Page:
In the run-up to our webinar on industry resilience on Friday 12 June, we spoke to technical director at the Resilience Shift and one of our webinar panellists, Juliet Mian, about how they are learning from crisis. Helen Civil reports.
The current Covid-19 crisis is highlighting just how critical it is to have resilient, reliable infrastructure networks. The essential services that are front of mind at the moment such as healthcare and food supply, depend on transport, power, digital networks and water.
The Resilience Shift is focused on the urgent need to improve infrastructure resilience and highlighting the opportunities of recovery to transform infrastructure and build long-term resilience. Dr Juliet Mian, technical director at The Resilience Shift, will be on the panel at next week’s Infrastructure Intelligence webinar, Guarding against the next time – making the industry resilient, part of our “Coming out of Covid” webinar series.
Mian is a longstanding infrastructure resilience specialist at Arup and leads the Resilience Shift’s technical programme that aims to accelerate the resilience of critical infrastructure. Her area of focus is the resilience of critical infrastructure systems, recognising that resilience is an essential property for infrastructure to be truly sustainable and an agenda that is equally as urgent as decarbonisation.
“We think about resilience as our ability to prepare for, withstand where possible, recover from and adapt or transform, in response to a sudden shock, rapidly changing circumstances or chronic stress,” says Mian, who cites the National Infrastructure Commission’s recent report Anticipate, React, Recover: Resilient infrastructure systems as a framework that can help all those working in infrastructure.
“The NIC’s framework of Anticipate, Resist, Absorb, Recover, Adapt and Transform is one that we will find ourselves referring to frequently as we all travel through the current crisis,” Mian says. “The importance of decision-making during recovery to make sure that our infrastructure systems do adapt, and do transform to enhance future resilience, particularly thinking about the even greater crisis that climate change threatens, is very immediate, and very urgent,” says Mian.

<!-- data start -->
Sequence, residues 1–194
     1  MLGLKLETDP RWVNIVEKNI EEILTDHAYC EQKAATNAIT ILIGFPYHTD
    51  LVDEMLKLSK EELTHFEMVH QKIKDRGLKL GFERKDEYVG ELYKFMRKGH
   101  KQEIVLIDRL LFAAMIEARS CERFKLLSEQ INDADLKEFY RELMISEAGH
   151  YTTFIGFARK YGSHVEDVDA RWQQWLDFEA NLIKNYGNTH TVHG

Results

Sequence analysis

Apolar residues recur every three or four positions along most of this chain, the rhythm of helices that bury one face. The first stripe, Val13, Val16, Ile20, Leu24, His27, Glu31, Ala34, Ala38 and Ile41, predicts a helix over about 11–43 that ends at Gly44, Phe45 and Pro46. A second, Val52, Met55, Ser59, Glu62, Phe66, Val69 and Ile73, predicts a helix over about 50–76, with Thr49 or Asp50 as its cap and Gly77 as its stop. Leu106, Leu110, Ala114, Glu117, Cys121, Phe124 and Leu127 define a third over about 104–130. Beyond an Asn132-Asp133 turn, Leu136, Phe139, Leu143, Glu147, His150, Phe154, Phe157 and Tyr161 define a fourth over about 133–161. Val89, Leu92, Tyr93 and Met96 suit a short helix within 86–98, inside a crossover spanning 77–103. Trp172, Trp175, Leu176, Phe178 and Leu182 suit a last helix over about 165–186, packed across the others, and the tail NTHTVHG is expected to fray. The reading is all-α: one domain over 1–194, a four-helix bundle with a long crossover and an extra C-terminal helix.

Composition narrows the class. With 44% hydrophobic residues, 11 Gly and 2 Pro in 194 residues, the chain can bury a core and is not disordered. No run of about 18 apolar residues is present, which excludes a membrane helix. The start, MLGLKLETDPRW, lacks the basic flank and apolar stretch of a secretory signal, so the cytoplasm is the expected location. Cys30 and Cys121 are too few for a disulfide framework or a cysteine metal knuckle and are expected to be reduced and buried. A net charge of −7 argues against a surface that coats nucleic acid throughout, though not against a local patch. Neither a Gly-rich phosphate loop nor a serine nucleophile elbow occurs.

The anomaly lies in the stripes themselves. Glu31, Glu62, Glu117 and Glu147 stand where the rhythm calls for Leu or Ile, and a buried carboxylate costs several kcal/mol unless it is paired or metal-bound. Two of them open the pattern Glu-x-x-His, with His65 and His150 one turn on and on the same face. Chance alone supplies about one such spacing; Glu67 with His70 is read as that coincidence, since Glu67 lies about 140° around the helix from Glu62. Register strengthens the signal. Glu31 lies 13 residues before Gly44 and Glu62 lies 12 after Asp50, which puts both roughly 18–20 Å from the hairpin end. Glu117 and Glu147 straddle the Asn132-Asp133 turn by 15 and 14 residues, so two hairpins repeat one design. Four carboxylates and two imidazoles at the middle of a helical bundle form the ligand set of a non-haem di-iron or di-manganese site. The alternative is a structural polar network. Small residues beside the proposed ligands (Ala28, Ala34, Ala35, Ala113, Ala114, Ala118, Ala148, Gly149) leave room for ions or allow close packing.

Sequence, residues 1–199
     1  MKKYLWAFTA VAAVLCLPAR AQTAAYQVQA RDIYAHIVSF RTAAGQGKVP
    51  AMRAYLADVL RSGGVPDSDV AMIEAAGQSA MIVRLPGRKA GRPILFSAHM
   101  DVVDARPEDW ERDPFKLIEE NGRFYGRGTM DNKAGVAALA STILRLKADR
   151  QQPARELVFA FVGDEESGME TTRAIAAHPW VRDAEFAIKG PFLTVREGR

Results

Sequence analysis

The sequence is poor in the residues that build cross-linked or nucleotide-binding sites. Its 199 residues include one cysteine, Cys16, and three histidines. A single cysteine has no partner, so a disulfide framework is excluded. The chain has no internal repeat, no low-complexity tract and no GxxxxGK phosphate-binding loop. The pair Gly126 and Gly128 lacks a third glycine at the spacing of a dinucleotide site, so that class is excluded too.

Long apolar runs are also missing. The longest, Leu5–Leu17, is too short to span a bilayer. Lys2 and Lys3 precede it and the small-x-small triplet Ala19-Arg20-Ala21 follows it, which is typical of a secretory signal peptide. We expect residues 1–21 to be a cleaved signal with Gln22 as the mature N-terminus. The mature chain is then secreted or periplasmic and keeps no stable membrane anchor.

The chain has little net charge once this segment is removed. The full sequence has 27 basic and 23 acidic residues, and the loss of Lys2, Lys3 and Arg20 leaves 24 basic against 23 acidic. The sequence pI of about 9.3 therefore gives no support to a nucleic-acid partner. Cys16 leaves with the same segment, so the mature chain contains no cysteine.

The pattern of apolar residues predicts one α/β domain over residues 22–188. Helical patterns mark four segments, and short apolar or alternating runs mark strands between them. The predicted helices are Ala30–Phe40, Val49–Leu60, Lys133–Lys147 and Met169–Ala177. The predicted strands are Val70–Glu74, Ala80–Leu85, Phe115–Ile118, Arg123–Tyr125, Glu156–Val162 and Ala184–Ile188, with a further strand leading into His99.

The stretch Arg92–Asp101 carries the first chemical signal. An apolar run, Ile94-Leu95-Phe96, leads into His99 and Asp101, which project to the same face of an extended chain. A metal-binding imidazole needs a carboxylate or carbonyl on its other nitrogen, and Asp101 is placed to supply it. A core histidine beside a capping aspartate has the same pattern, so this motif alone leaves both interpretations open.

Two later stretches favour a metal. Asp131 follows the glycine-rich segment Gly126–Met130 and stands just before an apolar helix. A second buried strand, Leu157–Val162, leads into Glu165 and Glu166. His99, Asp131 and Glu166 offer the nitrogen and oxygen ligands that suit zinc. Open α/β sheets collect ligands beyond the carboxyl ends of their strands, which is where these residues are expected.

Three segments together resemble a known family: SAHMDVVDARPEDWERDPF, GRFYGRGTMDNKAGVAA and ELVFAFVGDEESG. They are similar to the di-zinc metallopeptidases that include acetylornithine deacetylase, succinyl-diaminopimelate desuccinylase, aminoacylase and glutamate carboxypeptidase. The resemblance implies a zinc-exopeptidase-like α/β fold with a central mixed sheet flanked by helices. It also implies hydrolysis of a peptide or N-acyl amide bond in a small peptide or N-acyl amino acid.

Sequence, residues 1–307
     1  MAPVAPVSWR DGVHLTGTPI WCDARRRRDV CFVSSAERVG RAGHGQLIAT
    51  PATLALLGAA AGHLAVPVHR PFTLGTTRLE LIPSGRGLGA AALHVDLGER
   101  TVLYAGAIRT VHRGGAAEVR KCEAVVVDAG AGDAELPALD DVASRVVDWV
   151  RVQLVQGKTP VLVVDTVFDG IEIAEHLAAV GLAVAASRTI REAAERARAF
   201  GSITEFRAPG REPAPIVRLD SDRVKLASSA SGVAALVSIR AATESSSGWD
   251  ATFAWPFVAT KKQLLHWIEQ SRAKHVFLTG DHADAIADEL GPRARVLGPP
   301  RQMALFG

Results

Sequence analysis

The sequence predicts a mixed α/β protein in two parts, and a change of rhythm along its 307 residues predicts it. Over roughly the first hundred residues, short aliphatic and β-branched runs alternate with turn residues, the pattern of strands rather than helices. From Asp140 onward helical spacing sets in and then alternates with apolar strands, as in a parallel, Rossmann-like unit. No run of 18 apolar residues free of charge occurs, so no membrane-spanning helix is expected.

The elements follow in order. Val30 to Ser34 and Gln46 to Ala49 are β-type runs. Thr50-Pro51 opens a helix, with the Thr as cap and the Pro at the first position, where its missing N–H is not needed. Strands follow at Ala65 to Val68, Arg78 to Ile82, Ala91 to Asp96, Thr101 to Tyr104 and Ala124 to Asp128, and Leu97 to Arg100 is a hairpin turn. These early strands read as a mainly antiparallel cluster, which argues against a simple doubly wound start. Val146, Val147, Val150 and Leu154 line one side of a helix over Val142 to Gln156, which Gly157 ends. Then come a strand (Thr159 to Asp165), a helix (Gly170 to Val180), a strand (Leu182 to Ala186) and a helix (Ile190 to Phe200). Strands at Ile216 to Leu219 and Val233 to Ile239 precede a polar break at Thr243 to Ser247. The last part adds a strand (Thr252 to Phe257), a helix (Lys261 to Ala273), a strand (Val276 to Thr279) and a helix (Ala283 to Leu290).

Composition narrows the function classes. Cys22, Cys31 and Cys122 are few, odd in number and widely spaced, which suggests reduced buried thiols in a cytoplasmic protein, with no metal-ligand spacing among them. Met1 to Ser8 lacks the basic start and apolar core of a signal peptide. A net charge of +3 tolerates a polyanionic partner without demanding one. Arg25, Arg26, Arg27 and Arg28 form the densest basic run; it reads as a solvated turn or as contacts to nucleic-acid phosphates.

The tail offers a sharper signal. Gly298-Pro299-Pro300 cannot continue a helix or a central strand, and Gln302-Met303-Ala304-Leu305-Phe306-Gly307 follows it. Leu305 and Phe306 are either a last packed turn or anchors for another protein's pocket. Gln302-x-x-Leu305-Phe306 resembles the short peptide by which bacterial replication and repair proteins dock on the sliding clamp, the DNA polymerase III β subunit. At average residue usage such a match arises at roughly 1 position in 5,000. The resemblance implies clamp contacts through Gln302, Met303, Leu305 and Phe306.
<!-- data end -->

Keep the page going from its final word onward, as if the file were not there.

The Resilience Shift has also defined ten insights into what matters for resilience. These can help all those working across the value chain of infrastructure resilience to think about the factors that will have an impact on their asset or their organisation’s resilience. One, in particular relation to Covid, is that of deep uncertainty. Decision-making in such an uncertain time will be a skill more and more in demand from senior leaders.
To understand decision-makers’ real-time response to crisis and what can be learned from this, the Resilience Shift is interviewing 12 senior leaders from diverse organisations, following their journey over 16 weeks of reflective learning. Seven of the participants are senior executives in large, globally significant corporations including Arup, Lloyd’s Register Group, WSP, SAP, Siemens and the World Bank and five are the chief resilience officers of a major city in Europe, Africa, India, Brazil and the USA, all members of the Global Resilient Cities Network.
Real-time resilient leadership insights are curated by the Resilience Shift and shared weekly as blogs and through a podcast reflecting on these insights. Participant, Barbara Humpton, CEO of Siemens USA, said: “We say hindsight is 20/20, but what about our vision in the midst of a crisis? This project is documenting the world’s response to pandemic, week-by-week, from the perspective of diverse leaders. The resulting narrative reveals the true nature of resilience as it takes root and grows.”
The Resilience Shift has also collated Covid-19 resources for those facing the challenges of the pandemic across the infrastructure value chain. The learning from crisis theme has also explored decision-making at the time of Cape Town’s Day Zero crisis through filmed reflections, distilled into structured learning modules. Another has brought together those dealing with the post-earthquake reconstruction of Christchurch and captured their critical review.
Mian said: “We recognise that we have a unique opportunity to learn from current events to improve infrastructure resilience going forward. This also means building the resilience and knowledge in terms of preparation, response or recovery, of the humans who are part of every infrastructure system”.
Helen Civil is the communications lead at the Resilience Shift.